robotic knee replacement

Robotic Knee Surgery: Is it really better?

Based on research, traditional knee replacement has a success rate of 98% at 10 years and 95% at 20 years[1]. It is a mark that we have entered into the hip and knee replacement surgeries and it symbolises a significant achievement in arthroplasty. While performing a traditional knee replacement procedure, the affected area of the knee is taken out by and replaced with an artificial joint. An orthopaedic surgeon, accrediting their previous experience, performs precise bone cuts and ensures proper leg alignment.

For patients suffering from severe knee pain, robotic knee replacement surgery might sound lucrative. While it sounds like something from the far future, robot-assisted surgery techniques have been marked in the last couple of decades. It implies that a robotic arm will assist the orthopaedic surgeon to perform the surgery. Still, confusion regarding these techniques can put patients health on stake. Since the technology associated with robotic knee surgery is rather new and there are limited studies about it.

In this video below , I have spoken about the  role of technology in knee replacement surgery. Further I have also detailed about the  computer navigation assisted knee replacement surgery and my experience to conduct precise knee replacement operations.

I have listed below the common questions that people have about Conventional and Robotic Knee assisted knee replacement.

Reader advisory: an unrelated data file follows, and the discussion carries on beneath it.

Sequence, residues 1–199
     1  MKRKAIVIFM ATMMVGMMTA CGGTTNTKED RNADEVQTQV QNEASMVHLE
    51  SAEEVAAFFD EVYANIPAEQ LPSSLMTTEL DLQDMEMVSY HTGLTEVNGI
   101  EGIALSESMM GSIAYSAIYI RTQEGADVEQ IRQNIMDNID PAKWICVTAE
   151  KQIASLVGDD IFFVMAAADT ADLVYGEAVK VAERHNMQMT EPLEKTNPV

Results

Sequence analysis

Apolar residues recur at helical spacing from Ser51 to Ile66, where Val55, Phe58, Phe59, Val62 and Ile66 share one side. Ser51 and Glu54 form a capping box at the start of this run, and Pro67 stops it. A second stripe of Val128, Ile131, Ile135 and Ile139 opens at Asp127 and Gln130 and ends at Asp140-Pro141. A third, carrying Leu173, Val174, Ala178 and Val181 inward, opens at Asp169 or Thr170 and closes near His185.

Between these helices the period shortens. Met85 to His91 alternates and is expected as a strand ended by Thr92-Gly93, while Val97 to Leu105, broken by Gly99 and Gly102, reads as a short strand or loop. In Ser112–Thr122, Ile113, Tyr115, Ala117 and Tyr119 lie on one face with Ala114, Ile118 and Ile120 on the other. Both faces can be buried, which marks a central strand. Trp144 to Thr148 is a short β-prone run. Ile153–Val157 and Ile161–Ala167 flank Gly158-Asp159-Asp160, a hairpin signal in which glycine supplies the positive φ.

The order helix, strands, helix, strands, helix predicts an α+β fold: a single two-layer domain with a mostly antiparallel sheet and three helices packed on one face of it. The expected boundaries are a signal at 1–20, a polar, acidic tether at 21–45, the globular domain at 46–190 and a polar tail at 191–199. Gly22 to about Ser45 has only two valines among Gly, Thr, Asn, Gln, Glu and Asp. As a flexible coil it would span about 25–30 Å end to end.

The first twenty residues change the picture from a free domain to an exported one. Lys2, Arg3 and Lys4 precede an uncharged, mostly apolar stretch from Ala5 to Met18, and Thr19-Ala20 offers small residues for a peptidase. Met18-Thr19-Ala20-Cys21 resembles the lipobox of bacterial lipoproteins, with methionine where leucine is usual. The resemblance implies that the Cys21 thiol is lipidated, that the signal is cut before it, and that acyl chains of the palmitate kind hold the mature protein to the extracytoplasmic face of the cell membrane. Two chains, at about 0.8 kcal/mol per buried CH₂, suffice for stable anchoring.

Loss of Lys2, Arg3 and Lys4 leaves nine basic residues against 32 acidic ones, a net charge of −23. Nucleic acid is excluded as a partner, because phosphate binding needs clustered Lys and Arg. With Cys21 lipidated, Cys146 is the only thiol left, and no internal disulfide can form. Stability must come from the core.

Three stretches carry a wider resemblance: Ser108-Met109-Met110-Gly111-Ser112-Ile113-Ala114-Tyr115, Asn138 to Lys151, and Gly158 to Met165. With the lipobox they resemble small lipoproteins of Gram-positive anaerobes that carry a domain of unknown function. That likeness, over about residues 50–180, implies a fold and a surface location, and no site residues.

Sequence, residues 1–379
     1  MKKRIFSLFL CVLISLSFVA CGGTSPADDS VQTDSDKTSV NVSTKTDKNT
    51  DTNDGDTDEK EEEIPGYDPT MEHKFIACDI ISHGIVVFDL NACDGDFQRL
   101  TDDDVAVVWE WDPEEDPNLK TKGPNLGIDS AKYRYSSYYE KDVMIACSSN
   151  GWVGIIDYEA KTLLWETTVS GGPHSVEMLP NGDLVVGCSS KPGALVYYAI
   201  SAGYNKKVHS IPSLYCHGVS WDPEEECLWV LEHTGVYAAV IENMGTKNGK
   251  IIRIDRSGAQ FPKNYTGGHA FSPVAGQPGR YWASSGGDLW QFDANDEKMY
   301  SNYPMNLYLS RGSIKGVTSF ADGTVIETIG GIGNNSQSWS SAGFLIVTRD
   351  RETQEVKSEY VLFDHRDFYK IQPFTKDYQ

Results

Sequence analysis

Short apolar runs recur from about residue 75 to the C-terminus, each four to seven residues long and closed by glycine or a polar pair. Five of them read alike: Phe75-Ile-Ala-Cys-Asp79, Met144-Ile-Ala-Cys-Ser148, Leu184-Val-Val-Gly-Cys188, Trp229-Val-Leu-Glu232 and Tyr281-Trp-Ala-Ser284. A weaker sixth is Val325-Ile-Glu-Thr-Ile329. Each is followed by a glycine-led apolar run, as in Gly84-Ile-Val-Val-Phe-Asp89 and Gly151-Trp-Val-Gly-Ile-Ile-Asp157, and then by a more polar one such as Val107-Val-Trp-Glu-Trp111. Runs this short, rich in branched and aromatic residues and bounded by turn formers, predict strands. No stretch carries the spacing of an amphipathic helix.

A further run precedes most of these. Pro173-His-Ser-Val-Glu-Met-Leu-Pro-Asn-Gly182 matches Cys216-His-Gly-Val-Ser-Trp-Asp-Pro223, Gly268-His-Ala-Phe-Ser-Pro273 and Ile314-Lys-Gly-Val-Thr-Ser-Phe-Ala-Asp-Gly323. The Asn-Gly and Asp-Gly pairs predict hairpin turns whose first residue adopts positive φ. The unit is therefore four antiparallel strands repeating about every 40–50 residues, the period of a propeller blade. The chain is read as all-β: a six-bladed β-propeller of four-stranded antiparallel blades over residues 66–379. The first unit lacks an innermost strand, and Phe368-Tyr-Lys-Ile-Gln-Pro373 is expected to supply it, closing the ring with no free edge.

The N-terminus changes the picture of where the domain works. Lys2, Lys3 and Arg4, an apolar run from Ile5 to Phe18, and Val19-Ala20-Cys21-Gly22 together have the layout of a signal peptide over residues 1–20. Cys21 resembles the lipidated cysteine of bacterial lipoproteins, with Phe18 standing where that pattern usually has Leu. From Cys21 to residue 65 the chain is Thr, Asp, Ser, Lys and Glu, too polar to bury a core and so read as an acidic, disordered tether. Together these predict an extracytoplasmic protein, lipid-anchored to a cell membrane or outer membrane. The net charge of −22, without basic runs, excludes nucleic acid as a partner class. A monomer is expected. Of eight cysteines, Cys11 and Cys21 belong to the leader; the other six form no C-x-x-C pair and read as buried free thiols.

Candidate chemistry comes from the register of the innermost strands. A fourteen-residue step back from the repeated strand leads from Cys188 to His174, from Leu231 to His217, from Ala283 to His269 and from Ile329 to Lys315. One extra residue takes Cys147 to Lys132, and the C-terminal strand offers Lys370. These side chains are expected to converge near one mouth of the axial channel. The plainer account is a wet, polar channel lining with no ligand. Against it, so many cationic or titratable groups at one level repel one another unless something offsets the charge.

What type of knee replacement is the best?

  • The surgeon replaces surfaces of the thigh bone and shin bone at the knee joint in case of total knee replacement surgery.
  •  If you have strong knee ligaments and arthritis affects only one side of your knee, partial knee replacement may be an option.
  •  Complex knee replacement is not a revision knee replacement. Complex knee replacement is for those suffering from very severe arthritis or who have already had knee replacement surgery also known as revision knee replacement.

Based on the types of knee replacement, it is advised to consult an orthopedic surgeon to find what works best for the patient depending on their ailments.

Conventional vs. Robot-Assisted Joint Replacement Surgery

Usually, an experienced surgeon carefully identifies the correct alignment and positioning for the metal implant based on X-rays of the joint, according to the traditional surgery protocol. The surgeon then cements the prosthesis with the utmost care. All of this is done manually by an experienced surgeon.

In the case of robot-assisted knee replacement surgery, your orthopaedic surgeon can create a virtual three-dimensional model of your knee using a CT scan and specialised software. This helps the physician to customize the complete or part of the knee replacement based on your anatomy for a precise fit of the custom implant.

Many of the long-term benefits haven’t been properly studied yet as robot-assisted techniques are still new in the medical world. Most orthopaedic companies have placed their biggest bet on robotics. Their hope is that these devices will expedite recuperation, improve kinematics and functions, extend longevity, and decrease premature implant failure. Unfortunately, none of these claims have been scientifically proven in the medical literature[1].

Who does a robotic knee replacement?